In a landmark decision today, the U.S. Supreme Court ruled that employees cannot be fired based on gay or transgender status.
The Court ruled that it is a violation of Title VII of the Civil Rights Act of 1964 to discriminate based on sexual orientation or gender identity. Title VII prohibits sex discrimination.
This ruling is a major shift in the employment law landscape as employers are now prohibited from discriminating against LGBTQ employees and those who do so are subject to Title VII’s remedies for violations. This shift will result in additional discrimination suits based on LGBT status.
In order to comply with the law and defend against discrimination suits, employers should:
- Communicate with employees and create a work culture and environment for employees that encourages diversity and discourages employment discrimination in any form.
- Adopt a strong anti-harassment policy which complies with the Court’s ruling so that there is a clear explanation of what is prohibited, a complaint procedure that provides multiple, accessible avenues of complaint; assurance that the employer will protect the confidentiality of complaints to the extent possible; a complaint process that provides a prompt, thorough, and impartial investigation; and assurance that the employer will take immediate and appropriate corrective action when it determines that harassment has occurred.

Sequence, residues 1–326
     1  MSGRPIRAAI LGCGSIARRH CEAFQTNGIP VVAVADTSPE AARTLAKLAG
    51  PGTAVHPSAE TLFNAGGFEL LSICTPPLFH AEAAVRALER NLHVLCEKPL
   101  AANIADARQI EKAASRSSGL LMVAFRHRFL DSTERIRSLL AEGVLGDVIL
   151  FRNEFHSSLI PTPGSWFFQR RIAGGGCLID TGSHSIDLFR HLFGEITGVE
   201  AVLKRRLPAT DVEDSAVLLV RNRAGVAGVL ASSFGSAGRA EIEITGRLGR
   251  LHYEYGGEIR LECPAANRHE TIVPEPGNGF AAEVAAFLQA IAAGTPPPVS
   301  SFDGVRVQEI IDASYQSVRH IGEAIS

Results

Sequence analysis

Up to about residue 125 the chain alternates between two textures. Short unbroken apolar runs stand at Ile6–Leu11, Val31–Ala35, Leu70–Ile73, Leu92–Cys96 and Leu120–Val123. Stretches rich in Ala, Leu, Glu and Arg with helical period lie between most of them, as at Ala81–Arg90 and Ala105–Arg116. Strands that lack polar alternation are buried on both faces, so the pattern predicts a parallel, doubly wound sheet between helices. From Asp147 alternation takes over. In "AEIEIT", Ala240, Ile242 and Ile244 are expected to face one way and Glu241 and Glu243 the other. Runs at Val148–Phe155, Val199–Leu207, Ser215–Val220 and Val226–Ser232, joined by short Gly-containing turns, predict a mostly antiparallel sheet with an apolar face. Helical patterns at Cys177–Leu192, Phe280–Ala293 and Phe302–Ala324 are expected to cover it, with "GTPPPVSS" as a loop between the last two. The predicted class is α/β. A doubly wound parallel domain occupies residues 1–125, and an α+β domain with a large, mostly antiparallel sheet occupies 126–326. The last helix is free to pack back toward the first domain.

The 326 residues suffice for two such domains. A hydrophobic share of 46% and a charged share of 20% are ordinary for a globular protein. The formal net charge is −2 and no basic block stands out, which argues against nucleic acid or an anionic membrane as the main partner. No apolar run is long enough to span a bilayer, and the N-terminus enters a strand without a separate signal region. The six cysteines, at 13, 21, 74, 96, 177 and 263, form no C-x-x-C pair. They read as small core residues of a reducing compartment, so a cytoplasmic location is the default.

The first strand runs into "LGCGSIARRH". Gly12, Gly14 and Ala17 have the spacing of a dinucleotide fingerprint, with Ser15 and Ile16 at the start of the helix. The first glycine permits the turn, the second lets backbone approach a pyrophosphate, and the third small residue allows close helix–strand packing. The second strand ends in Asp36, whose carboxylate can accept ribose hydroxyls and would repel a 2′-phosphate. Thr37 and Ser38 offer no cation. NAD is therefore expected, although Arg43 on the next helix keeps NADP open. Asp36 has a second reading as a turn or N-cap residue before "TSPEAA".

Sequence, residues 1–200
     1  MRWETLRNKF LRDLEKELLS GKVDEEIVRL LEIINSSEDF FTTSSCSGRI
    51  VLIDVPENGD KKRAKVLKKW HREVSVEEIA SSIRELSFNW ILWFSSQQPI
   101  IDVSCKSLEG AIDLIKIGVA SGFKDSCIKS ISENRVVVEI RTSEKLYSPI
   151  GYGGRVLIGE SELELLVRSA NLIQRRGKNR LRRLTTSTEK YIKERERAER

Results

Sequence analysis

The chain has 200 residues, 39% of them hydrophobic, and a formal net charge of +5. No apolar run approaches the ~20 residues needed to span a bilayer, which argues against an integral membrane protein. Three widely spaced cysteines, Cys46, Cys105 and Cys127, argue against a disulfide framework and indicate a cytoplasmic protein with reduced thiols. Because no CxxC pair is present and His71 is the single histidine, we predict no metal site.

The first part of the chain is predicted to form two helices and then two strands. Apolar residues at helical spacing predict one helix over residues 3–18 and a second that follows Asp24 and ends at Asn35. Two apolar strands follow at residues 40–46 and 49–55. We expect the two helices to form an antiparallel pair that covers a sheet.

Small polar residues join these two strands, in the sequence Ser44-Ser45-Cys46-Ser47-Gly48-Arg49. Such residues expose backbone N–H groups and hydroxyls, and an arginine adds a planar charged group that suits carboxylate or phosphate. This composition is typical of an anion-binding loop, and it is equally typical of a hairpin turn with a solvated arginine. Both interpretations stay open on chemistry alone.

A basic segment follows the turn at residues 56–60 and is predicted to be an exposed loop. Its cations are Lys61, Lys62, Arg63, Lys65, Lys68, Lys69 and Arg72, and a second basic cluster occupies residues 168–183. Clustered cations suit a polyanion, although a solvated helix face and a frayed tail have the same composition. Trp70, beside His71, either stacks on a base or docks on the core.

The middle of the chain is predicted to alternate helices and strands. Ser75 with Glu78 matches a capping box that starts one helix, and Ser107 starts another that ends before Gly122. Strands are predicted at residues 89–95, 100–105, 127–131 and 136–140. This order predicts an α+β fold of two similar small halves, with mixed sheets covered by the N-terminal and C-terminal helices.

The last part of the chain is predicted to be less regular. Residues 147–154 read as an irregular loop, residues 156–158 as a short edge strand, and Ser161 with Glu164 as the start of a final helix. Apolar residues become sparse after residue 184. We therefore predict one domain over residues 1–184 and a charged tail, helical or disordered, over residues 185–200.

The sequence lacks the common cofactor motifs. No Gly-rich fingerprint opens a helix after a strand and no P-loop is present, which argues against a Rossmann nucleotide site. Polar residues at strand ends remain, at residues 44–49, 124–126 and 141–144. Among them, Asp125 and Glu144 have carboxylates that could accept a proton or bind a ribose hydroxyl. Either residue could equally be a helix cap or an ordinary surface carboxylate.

- Update employee handbooks and ensure that all employees are aware what the law prohibits
- Periodically train each employee on its contents, and vigorously follow and enforce it. Provide periodic training to managers and employees on nondiscrimination, harassment, and retaliation policies and enforce such policies equitably.
This case is grounded in the statutory interpretation of what “based on sex” means under of Title VII, which offers broad language making it illegal to terminate an employee based on their sex. Justice Neil Gorsuch stated that the statute was clear and wrote “it is impossible to discriminate against a person for being homosexual or transgender without discriminating against that individual based on sex.” The Supreme Court’s decision considered and compared the Civil Rights Act’s interpretation of the prohibition against discrimination on the basis of motherhood and the act’s ban on the sexual harassment of male employees.
This 6-3 decision comes from a consolidated ruling on a trio of cases asking whether Title VII prohibits employment discrimination based on lesbian, gay, bisexual and transgender status. Lower appellate federal courts have disagreed on whether the same protections should apply to people based on their sexual orientation and gender identity.
If you have questions about this Supreme Court ruling and how it can affect your company, please contact me or any member of the Barley Snyder Employment Practice Group.